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Wednesday, March 30, 2005

It's Here

What's here? Well, let's see. More snow (thrilling). This week's SFR (a must-read story by Zelie Pollon about what it's been like reporting on the war in Iraq. If the CNN reporters are at one end of the journalism spectre (that would be the low end) Zelie is at the farthest other end, really putting her life on the line and trying to get an important story out.
And where does that leave me? Oh, well, at my desk editing sections of Annual Manual, eating an apple and wishing it were a brownie and hoping that by 6:30 pm I'll have something interesting to say to a group of College of Santa Fe journalism students I'm supposed to "lecture" for an hour (poor, poor young people). I had our industrious intern photocopy a bunch of journalism articles I like to foist on people at various times. It's odd because when I talk to groups, as I do from time to time, I can usually be somewhat engaging, but when I talk to students I always feel as though I am boring everyone to death, which makes me nervous, which makes me talk FASTER as if somehow I think I will be less boring if I speak quickly. Kind of like what I'm doing right now, except I'm just typing quickly.
The Journal Santa Fe today has two stories relating to nukes on the front page that I found interesting. The first, that Lockheed Martin is going to bid to run LANL. If you really want some more info on Lockheed Martin from the anti-nuke perspective, check out Helen Caldicott, particularly her book The New Nuclear Danger. I interviewed Caldicott…at some point, but I can't seem to lay my hands on that interview at the moment, so...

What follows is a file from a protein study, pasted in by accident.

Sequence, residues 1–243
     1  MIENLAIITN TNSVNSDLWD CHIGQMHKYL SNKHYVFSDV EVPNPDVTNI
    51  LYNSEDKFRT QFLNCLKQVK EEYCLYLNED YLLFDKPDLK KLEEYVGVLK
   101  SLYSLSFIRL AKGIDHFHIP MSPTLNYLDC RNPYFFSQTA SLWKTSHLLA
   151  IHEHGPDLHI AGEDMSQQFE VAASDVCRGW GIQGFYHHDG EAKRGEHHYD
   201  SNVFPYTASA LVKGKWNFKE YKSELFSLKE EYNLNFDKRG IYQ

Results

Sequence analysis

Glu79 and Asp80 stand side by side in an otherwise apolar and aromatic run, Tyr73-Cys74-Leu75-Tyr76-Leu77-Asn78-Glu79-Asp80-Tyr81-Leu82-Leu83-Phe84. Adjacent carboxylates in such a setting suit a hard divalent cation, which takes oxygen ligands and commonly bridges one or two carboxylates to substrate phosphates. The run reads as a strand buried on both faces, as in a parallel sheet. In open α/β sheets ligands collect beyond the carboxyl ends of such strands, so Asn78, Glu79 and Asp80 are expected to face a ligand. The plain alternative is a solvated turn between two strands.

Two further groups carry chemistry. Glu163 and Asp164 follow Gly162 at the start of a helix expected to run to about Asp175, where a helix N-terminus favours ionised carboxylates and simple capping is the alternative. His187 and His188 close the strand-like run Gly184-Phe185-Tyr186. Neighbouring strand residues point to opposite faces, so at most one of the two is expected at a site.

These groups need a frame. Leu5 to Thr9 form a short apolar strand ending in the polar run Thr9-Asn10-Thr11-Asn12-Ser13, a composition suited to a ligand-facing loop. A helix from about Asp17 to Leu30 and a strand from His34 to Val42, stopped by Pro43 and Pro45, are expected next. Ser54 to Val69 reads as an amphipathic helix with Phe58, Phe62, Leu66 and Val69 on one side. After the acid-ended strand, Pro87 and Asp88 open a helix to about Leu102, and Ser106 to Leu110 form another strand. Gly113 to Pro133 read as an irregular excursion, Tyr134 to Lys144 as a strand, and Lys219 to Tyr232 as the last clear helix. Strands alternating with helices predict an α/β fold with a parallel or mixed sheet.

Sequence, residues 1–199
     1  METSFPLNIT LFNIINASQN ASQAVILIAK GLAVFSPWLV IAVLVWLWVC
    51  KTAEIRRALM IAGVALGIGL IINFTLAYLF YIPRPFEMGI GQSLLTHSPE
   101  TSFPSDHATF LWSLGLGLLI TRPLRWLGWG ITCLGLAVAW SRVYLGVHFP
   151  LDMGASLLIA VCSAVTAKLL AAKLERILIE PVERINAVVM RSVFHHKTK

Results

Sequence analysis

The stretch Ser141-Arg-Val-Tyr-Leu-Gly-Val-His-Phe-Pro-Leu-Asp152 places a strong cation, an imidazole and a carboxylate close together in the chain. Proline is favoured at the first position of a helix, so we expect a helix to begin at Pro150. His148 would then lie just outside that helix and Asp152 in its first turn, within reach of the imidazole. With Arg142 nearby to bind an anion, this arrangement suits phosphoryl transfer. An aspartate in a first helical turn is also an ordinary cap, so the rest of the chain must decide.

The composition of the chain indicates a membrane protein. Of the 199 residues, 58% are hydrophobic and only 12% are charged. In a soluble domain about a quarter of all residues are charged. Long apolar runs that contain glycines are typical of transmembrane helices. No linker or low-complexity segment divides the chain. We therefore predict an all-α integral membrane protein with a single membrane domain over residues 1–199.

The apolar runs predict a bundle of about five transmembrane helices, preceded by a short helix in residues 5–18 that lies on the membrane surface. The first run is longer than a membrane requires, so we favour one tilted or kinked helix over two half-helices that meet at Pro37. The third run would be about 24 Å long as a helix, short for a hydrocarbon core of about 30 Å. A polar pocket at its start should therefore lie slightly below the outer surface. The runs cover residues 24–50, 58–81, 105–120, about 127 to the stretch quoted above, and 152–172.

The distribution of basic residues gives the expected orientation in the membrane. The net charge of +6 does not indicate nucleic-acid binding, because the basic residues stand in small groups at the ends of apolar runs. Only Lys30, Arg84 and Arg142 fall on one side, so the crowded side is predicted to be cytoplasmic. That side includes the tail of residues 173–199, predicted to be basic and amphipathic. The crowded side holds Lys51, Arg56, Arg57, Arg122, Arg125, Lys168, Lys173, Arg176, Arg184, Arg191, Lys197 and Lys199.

Ahem. The other story is about the fact that City Councilor Miguel Chavez wants to put the city on issue with a resolution opposing nuclear weapons and calling for the dismantling of nuclear weapons. City Councilor David Pfeffer thinks the city shouldn't talk about things not in its purview. Now, to be honest, a few years back I kind of agreed with Pfeffer that it was silly for the city to sit around passing resolutions about things it didn't control, but I don't feel that way anymore. Frankly, I feel glad I live in a city going on record as opposing hate crimes, being immigrant friendly, being against The Patriot Act, being against nuclear weapons. We live in times when people are becoming afraid to make their views known, in which conservatism is becoming insidious and religious influence overbearing. I want to know where our elected officials stand on social issues, whether they can control them or not, because leadership isn't just about potholes and budgets, it's also about beliefs and courage to speak out.
And now, back to annual manual, which is about proofreading and checking the veracity of phone numbers.